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Manufacturing Jobs and Inequality: Why is the U.S. Experience Different?


Natalija Novta ; Evgenia Pugacheva

Publication Date:

September 13, 2019

Electronic Access:

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Disclaimer: IMF Working Papers describe research in progress by the author(s) and are published to elicit comments and to encourage debate. The views expressed in IMF Working Papers are those of the author(s) and do not necessarily represent the views of the IMF, its Executive Board, or IMF management.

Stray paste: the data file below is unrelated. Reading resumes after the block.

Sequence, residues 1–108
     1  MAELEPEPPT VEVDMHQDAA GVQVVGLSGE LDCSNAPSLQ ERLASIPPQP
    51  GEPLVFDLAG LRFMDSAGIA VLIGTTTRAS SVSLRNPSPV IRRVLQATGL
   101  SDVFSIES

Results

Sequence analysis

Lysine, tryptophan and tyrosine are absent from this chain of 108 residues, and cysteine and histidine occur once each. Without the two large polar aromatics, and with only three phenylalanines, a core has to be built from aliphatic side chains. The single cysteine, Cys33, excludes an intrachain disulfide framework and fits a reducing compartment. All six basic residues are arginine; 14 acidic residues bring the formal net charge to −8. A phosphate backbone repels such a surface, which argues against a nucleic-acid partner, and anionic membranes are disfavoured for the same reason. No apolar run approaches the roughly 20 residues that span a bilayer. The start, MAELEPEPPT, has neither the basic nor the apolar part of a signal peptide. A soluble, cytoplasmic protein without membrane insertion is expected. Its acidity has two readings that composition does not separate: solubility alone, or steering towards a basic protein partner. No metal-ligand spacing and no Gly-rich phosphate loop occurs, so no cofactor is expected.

We examine the extent to which declining manufacturing employment may have contributed to increasing inequality in advanced economies. This contribution is typically small, except in the United States. We explore two possible explanations: the high initial manufacturing wage premium and the high level of income inequality. The manufacturing wage premium declined between the 1980s and the 2000s in the United States, but it does not explain the contemporaneous rise in inequality. Instead, high income inequality played a large role. This is because manufacturing job loss typically implies a move to the service sector, for which the worker is not skilled at first and accepts a low-skill wage. On average, the associated wage cut increases with the overall level of income inequality in the country, conditional on moving down in the wage distribution. Based on a stylized scenario, we calculate that the movement of workers to low-skill service sector jobs can account for about a quarter of the increase in inequality between the 1980s and the 2000s in the United States. Had the U.S. income distribution been more equal, only about one tenth of the actual increase in inequality could have been attributed to the loss of manufacturing jobs, according to our simulations.